At the intersection of fashion and watches, you'll find Fossil Group (NASDAQ:FOSL). The watchmaker has established itself as a key brand in the retail niche, but the shift toward more functional wearable devices threatened to take away its key dominance in its core market. It's taken time for Fossil to develop a workable strategy to fight back, and shareholders have had to suffer while Fossil's efforts take more concrete shape. Yet last quarter, Fossil raised eyebrows with solid results that suggested a turnaround in the works.

Coming into Tuesday's first-quarter financial report, Fossil investors didn't expect to see much progress toward profitability or revenue growth, but they still hoped for signs that the watchmaker is moving in the right direction. Despite some tough results, Fossil's numbers were a bit encouraging, and they did include strength in the connected watch segment. Shareholders hope that that product line could be the answer to the difficulties the watchmaker has faced for years.

Watch next to a smartphone.

Image source: Fossil Group.

Fossil tries to make progress

Fossil Group's first-quarter results still showed some less-than-stellar numbers. Net sales fell 2% to $569 million, but compared to the $539 million in sales that most of those following the stock were expecting, Fossil held up quite well. Similarly, Fossil lost about the same amount as it did during the first quarter of 2017, posting $48.3 million in losses, working out to $0.99 per share. That was worse than the consensus forecast, but it still held up reasonably well for what's often a slow quarter for Fossil.

Currency impacts played a key role in boosting Fossil's numbers. Net sales got a $30 million kick higher from the U.S. dollar's weakness, almost exactly matching the difference between its actual numbers and what investors were expecting. Operating income got a $9 million boost. Without those gains, sales in constant currency would have been down 7%.

From a product-line standpoint, Fossil saw its best performance in its watch segment, where sales were roughly flat. Leathers saw revenue drop 5%, and the jewelry area was the weakest, with a 13% sales decline. The company's catch-all other category saw sales decline 8%. Yet retail comps were much more favorable, including an overall 5% gain and strong performance in the watch and leather categories.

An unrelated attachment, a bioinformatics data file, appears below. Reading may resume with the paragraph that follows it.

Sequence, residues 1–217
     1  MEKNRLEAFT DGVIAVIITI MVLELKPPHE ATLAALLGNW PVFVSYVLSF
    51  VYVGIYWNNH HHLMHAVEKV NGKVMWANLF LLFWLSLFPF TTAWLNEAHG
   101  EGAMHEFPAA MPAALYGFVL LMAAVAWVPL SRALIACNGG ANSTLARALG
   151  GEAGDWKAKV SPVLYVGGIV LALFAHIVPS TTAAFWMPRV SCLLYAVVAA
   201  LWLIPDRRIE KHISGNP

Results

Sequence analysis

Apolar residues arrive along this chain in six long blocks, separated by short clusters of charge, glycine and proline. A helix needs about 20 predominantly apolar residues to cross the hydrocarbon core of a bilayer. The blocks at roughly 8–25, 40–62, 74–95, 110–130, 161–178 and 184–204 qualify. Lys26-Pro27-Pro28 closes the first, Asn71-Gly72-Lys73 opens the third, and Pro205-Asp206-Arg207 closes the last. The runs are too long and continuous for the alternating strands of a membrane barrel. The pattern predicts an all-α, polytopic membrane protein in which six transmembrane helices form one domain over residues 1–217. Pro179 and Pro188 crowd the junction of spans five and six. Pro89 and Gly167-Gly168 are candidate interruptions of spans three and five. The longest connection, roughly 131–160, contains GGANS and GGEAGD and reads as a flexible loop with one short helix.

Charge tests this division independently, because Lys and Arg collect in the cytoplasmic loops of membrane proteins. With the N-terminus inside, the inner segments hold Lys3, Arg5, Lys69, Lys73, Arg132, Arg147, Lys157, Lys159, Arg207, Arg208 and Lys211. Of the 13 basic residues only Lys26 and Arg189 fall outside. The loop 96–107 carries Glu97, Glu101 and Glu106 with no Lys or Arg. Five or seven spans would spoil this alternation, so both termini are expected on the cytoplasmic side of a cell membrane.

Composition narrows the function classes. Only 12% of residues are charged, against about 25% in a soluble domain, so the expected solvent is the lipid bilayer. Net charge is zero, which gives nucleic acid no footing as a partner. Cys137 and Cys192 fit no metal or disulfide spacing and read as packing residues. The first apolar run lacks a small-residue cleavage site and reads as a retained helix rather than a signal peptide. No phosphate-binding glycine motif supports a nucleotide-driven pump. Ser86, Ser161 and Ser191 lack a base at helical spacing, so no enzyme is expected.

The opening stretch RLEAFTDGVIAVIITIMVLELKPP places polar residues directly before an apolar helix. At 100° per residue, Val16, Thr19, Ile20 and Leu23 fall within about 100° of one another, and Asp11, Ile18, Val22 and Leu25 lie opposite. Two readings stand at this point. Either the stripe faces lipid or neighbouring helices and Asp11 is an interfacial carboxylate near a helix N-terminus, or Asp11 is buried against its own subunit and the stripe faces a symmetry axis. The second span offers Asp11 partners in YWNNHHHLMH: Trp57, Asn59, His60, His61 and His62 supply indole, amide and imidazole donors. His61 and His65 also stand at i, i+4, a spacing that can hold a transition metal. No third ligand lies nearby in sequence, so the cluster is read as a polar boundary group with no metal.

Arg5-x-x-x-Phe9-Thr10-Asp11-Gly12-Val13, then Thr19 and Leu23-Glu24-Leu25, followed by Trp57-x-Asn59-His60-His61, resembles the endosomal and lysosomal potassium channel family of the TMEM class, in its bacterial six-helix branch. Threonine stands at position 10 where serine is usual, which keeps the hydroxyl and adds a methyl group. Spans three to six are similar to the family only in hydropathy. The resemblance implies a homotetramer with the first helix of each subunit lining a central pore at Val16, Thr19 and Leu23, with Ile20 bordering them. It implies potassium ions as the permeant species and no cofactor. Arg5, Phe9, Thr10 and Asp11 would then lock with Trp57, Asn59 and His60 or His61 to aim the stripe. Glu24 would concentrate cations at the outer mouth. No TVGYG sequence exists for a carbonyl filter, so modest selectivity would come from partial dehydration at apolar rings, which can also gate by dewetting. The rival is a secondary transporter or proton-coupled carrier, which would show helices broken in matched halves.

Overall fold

As we've seen before, Fossil did better internationally than closer to home. Asia led the company forward with 9% sales gains, with India, China, and Malaysia doing especially well and offsetting weakness in Japan. Europe posted 3% better revenue entirely due to euro strength compared to the U.S. dollar, as sales in the U.K. and France remained under pressure. In the Americas, 10% sales declines weighed down the entire company, with the U.S. market performing particularly poorly.

What's next for Fossil?

CEO Kosta Kartsotis tried to find the positives in the report. "We had an encouraging start to the year," Kartsotis said, "delivering first quarter sales results that were stronger than our expectations." The CEO pointed to strategic execution and strong design and innovation as key elements of how Fossil has stood up to competitive pressure and will continue to move forward.

The one area where Fossil saw the most success was in the connected watch segment. In Kartsotis' words, "During the first quarter, connected watch sales nearly doubled," and the contrast between declines in traditional watches and growth in connected watches showed up clearly across Fossil's geographical presence. Those trends are consistent with what other watchmakers have seen.

Fossil did make some upward revisions to its fiscal 2018 guidance. On a GAAP basis, sales will likely be down 5% to 12%, which is less extreme than the 6% to 14% drop it previously expected. Pretax bottom line will likely be between a loss of $40 million and a profit of $50 million, up about $10 million to $15 million from its previous projection. For the second quarter, though, sales declines of 4% to 11% and a pre-tax loss of $30 million to $50 million still point to Fossil needing to do more work.

Fossil investors were pleased with the results, and the stock jumped 13% by the close following the announcement, which for some reason was made before trading ended for the day. If Fossil can keep gaining ground on the connected watch front, it could potentially be the strategic answer investors have been looking for.

Dan Caplinger has no position in any of the stocks mentioned. The Motley Fool recommends Fossil Group. The Motley Fool has a disclosure policy.